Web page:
Friendships and Sex
In our textbook we have learned that friendships are different depending on our sex and the sex of the person we have that friendship with. We also know through our own experiences that there are rules we all follow, although they may not be written out and signed like some sort of legal friendship contract, and if we cross these invisible lines the consequence could be a loss of a friend.
These rules are merely general cultural interactions in our society; they depict how we go about our friendships, be them with a same-sex friend, or a friend of the opposite sex. If we understand our own society's rules that govern friendships we may be able to lead happy and satisfying lives with people around us, whom we know we can rely on through thick and thin.
Same-Sex Friendships: Women
As a woman I know how I talk, and I know how most of my female friends also talk. We express our feelings, our emotions, and we just plain talk! In my own experience it doesn't matter what we do, or where we are at, the main interaction between my female friends and I is the discussion itself. Just the mere act of conversation and self-disclosure is what makes women feel close to one another. You value a person and their friendship when you know that no matter what happens you can go to them and talk.
My best friend is Donna. We have known each other for over five years and are closer than anyone else I know. Not only do we share similar interests and activities, no matter what we are always talking. Through this talking we have learned the in's and out's of one another creating a bond that I don't even think my own boyfriend will ever reach with me.
Through research it has been found that many women actually believe their friendships with each other to be closer and show “a greater general interest in and attention to transitions in the lives of other individuals.” (Roy, Benenson, & Lilly, 2000) In a study on teenage friendships it was found that females feel more positive when interacting with each other. They remain in a state of playfulness for a longer period, as do males when dealing with a female friend (McBride, & Field, 1997).
Same-Sex Friendships: Men
With men it is commonly about shared activities: working out, playing a game, or playing some sport. Through physical action men become close, it's all about doing, not talking! Words do not always need to be expressed in male-male friendships, just merely hanging out brings men close together. In the movie “Step Brothers,” Brennan and Dale began as mortal enemies, but, after realizing the vast amount of shared interests, that is when their friendship is forged! They both find themselves to be jobless, 40-year olds, still living at home, and loving every minute of it. Through bunk-building, karaoke, pumpkin karate, and shark week they find themselves the best of buds, sharing their lives together and enjoying each other's company, but they don't always talk.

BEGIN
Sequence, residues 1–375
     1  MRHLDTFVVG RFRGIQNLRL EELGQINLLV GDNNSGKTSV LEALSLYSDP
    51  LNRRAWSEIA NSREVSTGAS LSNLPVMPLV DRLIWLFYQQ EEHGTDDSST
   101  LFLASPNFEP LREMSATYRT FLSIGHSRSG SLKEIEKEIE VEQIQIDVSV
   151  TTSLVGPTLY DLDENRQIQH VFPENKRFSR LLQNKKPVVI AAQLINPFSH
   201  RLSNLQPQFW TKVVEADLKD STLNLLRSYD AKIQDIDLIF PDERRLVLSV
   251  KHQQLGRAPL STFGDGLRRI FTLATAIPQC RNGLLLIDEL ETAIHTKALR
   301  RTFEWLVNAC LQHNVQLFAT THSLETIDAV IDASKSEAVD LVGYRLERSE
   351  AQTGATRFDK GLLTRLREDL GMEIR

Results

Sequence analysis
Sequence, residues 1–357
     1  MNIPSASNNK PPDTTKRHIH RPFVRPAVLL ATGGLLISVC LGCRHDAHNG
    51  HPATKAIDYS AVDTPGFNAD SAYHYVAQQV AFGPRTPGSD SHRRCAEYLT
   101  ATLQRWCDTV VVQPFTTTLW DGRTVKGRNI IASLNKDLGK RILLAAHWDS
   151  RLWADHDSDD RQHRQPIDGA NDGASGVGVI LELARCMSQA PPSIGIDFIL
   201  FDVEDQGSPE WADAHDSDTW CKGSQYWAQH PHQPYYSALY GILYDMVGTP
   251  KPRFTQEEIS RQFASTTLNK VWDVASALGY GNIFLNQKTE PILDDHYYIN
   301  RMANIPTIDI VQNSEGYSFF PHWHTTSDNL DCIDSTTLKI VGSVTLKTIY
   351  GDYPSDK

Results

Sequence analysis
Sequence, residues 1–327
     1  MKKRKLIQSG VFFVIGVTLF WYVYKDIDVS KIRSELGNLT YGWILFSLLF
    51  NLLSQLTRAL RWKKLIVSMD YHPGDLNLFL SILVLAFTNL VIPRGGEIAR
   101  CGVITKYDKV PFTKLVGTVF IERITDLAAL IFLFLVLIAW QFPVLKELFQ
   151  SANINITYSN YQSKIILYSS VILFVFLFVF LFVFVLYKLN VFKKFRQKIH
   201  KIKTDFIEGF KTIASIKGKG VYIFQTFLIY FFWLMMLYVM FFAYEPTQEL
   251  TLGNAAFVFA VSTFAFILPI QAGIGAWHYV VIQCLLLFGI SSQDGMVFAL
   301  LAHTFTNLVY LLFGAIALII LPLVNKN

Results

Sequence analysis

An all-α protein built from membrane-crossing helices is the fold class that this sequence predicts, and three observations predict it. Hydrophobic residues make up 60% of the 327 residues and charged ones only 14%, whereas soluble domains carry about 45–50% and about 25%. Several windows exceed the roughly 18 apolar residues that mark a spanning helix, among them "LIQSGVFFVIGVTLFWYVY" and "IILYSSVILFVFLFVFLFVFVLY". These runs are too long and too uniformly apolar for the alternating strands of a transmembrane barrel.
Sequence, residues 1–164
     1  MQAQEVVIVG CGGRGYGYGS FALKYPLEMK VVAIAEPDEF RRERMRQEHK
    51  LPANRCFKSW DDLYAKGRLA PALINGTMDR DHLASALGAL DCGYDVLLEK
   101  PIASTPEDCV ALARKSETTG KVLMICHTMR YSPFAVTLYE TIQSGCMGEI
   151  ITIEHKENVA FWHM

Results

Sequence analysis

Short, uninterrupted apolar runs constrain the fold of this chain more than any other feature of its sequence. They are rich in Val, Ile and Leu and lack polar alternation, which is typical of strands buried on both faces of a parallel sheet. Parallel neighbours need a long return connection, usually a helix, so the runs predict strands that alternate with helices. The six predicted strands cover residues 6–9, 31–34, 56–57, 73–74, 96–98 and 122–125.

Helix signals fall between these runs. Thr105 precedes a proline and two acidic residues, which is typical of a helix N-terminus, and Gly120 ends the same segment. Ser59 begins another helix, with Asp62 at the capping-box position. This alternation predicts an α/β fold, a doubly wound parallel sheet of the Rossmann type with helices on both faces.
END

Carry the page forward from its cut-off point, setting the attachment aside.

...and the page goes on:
Research on competition in friendships has found that “women seldom acknowledged competition with their friends, but that competition was a “theme” that ran through men's relationships with one another” (Singleton, & Vacca, 2007). It was also found that in cross-sex friendships the individuals found a sort of release from these competitive natures, free to just be themselves rather than fulfill a need to constantly one-up their friend (Singleton, & Vacca, 2007).
Many times in male relationships, during physical activities may be the only time men really do talk about their feelings. Men may feel as though, because they are also being active, it is all right to open up. They are not sitting side by side at the dinner table, but in fact they just got done with a two hour jamming out session in the man cave, so when they're all sweaty, tired, and full of testosterone, it's ok for one man to get another man to talk about his sex life, or lack of blowsies, or even why he even wants to marry his fiancé in the first place. “I Love You Man” is a clear depiction of all of those interactions between classic American male examples Peter Klaven and Sydney Fife, while they may not talk about their feelings in general or with their fiancé, anything in the man cave is sacred, because it is indeed estrogen free.